The novel’s themes include a human utopia; a poignant, last human generation which sees its children become utterly alien; and humanity’s transformation and integration into an interstellar “hive mind”:

“In a soundless concussion of light, Earth’s core gave up its hoarded energies. For a little while the gravitational waves crossed and re-crossed the Solar System, disturbing ever so slightly the orbits of the planets. Then the Sun’s remaining children pursued their ancient paths once more, as corks floating on a placid lake ride out the tiny ripples set in motion by a falling stone.

“There was nothing left of the Earth: They had leeched away the last atoms of its substance. It had nourished them, through the fierce moments of their inconceivable metamorphosis, as the food stored in a grain of wheat feeds the infant plant while it climbs towards the Sun.”

An even earlier story of lunar exploration, “The Sentinel” (1948) led to the famous collaboration with Stanley Kubrick and that 1968 mystical masterpiece 2001: A Space Odyssey. Honours followed: he had already won the Unesco-Kalinga Prize for the Popularization of Science in 1961; there was a Nobel Peace Prize nomination in 1994; a knighthood in 2000; and Sri Lanka’s highest honour “Sri Lankabhimanya” in 2005. The SF community too showered honours on him. Besides the orbit, he also has an asteroid and a dinosaur named after him! And he has lent his name to an award for space exploration, and to the Arthur C. Clarke award for SF — an award which Amitav Ghosh won in 1997 for The Calcutta Chromosome (meeting Clarke in 2001, Ghosh too was beaten by Clarke at table tennis!).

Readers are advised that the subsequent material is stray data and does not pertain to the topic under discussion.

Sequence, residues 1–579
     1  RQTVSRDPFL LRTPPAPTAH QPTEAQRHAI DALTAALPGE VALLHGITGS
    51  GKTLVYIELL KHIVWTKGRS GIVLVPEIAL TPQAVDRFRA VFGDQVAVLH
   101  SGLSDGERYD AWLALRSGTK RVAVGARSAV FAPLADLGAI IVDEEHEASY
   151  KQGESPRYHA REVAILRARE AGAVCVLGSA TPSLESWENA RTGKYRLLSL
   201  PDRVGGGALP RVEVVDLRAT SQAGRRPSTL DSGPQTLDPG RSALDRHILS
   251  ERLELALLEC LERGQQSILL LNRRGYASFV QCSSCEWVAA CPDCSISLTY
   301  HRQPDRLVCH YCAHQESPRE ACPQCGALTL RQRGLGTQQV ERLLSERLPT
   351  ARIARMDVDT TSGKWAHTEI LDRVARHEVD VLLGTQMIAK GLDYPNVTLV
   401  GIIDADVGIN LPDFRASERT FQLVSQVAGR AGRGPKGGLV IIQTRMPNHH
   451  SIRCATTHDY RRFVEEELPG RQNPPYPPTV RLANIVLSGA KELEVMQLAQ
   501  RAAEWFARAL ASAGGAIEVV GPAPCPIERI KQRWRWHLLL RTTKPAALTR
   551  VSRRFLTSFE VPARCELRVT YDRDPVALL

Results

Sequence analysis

Seeing his infinite curiosity and a sense of wonder about the world, and his immense optimism about the emancipatory possibilities of science and technology, one begins to understand why Arthur C. Clarke wanted the following epitaph for himself: “He never grew up; but he never stopped growing.”

(A. Giridhar Rao writes about science fiction in English and Esperanto. Email: >agiridhar.rao@gmail.com)